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81 years later, Mack Truck Bulldog still looms large

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Hood ornaments may come and go but the Mack Truck Bulldog still looms large in its 81 year as the most noticeable truck mascot on the planet.

It’s hard to miss the shiny canine centre piece reared up on its hind legs above the Mack grille and pointing the road ahead. The bulldog is also what you grasp when popping open the truck’s hood to get at the engine.

The shiny bounding pooch has its own truck magazine and even an official line of mini-Mack outer wear ranging from firefighting, construction, utility and sports clothes, to Santa suits and teeny safety helmets. On its website, Mack Trucks sells bulldog merchandise that includes ash trays, clothing for men and women, key chains, watches and more.

Mack lovers around the globe have even crafted their own homemade hood mounted bulldog apparel.

Trucks bearing a gold plated bulldog are purebreds entirely built with Mack engines, drive trains and axels, while the chrome bow-wows indicate some of those systems are made by other manufacturers.

It was the vehicle’s in-the-field endurance, described by those who drove it, that led to the creation of the world renowned canine mascot.

Mack brothers, John, Augustus and William built their first motorized sightseeing bus in 1900, but it was their unique trucks assembled in Allentown, Penn., that became the iconic hauler of World War I, with 4,500 made for the U.S. government and more than 2,000 for the British military.

English soldiers nicknamed their Macks “bulldogs” for their strength on the road and doggedness in combat, which led to the firm’s use of the faithful breed as their metal plate trademark in 1922.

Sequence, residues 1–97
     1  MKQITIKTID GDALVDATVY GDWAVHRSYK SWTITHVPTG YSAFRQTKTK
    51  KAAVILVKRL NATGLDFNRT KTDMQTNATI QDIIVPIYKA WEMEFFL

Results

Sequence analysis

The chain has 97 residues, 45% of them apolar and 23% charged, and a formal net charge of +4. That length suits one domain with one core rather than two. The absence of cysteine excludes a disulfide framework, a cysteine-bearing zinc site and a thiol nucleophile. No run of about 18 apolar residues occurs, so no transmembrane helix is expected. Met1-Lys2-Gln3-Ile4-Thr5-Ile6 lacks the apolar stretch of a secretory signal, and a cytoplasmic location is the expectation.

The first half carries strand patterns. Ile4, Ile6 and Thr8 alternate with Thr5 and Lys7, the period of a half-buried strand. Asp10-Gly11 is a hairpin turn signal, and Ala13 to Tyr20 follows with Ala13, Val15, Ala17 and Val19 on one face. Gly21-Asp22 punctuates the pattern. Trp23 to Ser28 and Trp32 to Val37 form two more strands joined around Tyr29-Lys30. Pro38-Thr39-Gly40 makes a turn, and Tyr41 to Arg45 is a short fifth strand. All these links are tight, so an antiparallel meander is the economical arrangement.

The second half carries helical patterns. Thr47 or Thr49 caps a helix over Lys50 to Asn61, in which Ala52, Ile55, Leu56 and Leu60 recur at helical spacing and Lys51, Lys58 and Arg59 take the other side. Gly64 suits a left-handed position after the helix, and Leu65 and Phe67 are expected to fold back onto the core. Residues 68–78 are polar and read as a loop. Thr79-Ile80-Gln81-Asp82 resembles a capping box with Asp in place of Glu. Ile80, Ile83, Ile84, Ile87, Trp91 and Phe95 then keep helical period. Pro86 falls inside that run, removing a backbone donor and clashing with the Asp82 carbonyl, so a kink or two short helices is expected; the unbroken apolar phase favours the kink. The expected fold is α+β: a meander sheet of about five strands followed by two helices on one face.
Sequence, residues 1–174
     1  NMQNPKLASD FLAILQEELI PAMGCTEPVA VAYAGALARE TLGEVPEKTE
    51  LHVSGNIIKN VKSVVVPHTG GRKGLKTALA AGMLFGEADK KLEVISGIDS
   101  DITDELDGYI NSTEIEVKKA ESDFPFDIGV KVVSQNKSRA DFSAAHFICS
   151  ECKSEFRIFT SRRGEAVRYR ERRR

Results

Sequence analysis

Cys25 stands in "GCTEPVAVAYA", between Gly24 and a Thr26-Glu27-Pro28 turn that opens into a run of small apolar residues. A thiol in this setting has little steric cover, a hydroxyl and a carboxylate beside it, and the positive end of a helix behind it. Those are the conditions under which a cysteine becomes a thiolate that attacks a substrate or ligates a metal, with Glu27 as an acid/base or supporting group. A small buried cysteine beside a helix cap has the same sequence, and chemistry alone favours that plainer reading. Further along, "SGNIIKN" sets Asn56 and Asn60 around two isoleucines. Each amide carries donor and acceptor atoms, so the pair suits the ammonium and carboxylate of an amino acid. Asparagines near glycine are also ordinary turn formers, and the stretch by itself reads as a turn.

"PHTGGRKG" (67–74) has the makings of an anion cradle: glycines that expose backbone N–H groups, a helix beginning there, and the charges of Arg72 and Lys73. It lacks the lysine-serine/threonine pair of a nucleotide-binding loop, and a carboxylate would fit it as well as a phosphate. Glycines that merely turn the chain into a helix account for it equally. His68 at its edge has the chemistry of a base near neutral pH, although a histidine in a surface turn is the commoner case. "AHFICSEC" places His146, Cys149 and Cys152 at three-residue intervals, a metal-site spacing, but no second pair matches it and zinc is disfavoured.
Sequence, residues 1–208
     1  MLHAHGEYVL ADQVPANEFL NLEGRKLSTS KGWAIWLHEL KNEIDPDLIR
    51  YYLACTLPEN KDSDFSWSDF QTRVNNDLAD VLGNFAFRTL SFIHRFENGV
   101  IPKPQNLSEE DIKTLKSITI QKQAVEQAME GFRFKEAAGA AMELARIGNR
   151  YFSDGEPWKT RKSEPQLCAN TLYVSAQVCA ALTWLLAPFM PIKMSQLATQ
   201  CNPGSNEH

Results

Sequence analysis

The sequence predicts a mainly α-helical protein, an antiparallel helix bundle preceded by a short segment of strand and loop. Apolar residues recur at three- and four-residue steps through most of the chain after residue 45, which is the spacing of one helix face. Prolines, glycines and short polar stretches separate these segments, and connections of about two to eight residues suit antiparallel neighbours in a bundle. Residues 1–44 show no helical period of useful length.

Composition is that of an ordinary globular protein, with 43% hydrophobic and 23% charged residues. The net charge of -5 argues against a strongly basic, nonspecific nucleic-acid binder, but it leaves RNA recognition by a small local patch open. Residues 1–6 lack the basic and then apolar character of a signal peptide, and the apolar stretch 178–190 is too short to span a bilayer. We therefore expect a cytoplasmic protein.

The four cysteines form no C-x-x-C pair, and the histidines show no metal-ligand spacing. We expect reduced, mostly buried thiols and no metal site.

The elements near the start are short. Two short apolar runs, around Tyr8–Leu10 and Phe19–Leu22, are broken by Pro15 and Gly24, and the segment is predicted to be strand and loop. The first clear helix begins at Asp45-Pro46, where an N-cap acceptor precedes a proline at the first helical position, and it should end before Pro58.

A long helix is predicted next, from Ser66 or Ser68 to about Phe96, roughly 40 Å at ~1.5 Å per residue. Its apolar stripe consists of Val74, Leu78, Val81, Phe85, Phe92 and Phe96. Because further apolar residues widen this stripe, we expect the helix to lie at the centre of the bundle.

But it wasn’t until the next decade, in 1932, when Alfred Masury, Mack’s chief engineer came up with the iconic chrome-plated bulldog that leads the pack of truck hood ornaments to this day, “an estimated 560 dog years later”, as the company stated when employees in Greensboro, N.C. celebrated its 80 birthday last Oct. 11.

It all began with a bulldog Masury whittled out of a bar of soap while he was recovering from surgery. When he got home from the hospital the truck engineer made an identical carving out of wood and had the image patented.

The feisty metal cast hood-mounted mascot began to adorn all new Mack trucks the following year but sadly, 1933 was the same year Masury was killed along with 72 other passengers aboard the Akron, a helium-filled U.S. navy dirigible that crashed off the coast of New Jersey that April.

“For 80 years, the Bulldog hood ornament has been a symbol of the durability and reliability customers expect from Mack,” said Kevin Flaherty, president of Mack Trucks North American sales and marketing division in an issue of the Bulldog magazine’s celebration of the metal mascot’s octogintennial last fall.

“We’re proud of our heritage and that the Bulldog has become so widely recognized — and we tip our hats to Alfred Masury for his contribution to our legacy,” he added.

The original bulldog hood ornaments adorned the trucks’ radiator caps from 1933 until the mid-60s when some models were built with their rad caps accessible from under the hood.

The bulldog remained on top of the hood and it later underwent minor modifications making it easier to grasp as a handle.

“In the late 70s we began to use it as a handle to tip the hood and the ears and tail were slightly shortened,” said Don Schumaker, curator of the Mack Trucks Historical Museum, in Allentown.

The museum and heritage centre is part of the 159,000-square-foot Mack Truck Customer Center, built at the company’s former engineering development and test facility in 2010. It also includes a showroom, a test track and equipment, reception area and of course, the Bull Dog Café.

Schumaker said the museum, which showcases numerous vintage and modern trucks and traces the history of the firm started by the Mack brothers, was established in 1984 and was relocated when the new centre was built.

“We’ve had a steady stream of people coming in all day,” said Schumaker when contacted on this past New Year’s Eve. “In fact, on the day after Christmas (when the museum was scheduled to be closed) I came in because we had a family from Australia who wanted to visit.”

“There’s a Mack fan club in the Netherlands whose members come to visit us every year and people from all over the world come by throughout the year,” the museum’s curator added.

Mack bulldog ornaments and accessories of various vintages are constantly bought and sold around the globe on sites such as Amazon and eBay.

A wide assortment of Mack Bulldog and Mack Truck merchandise can be bought through the website

With its legions of fans, a designer wardrobe, a slew of accessories, a magazine, restaurant and lounge named in its honour, the mighty Mack bulldog clearly means more to a lot of people than just a shiny hood ornament.

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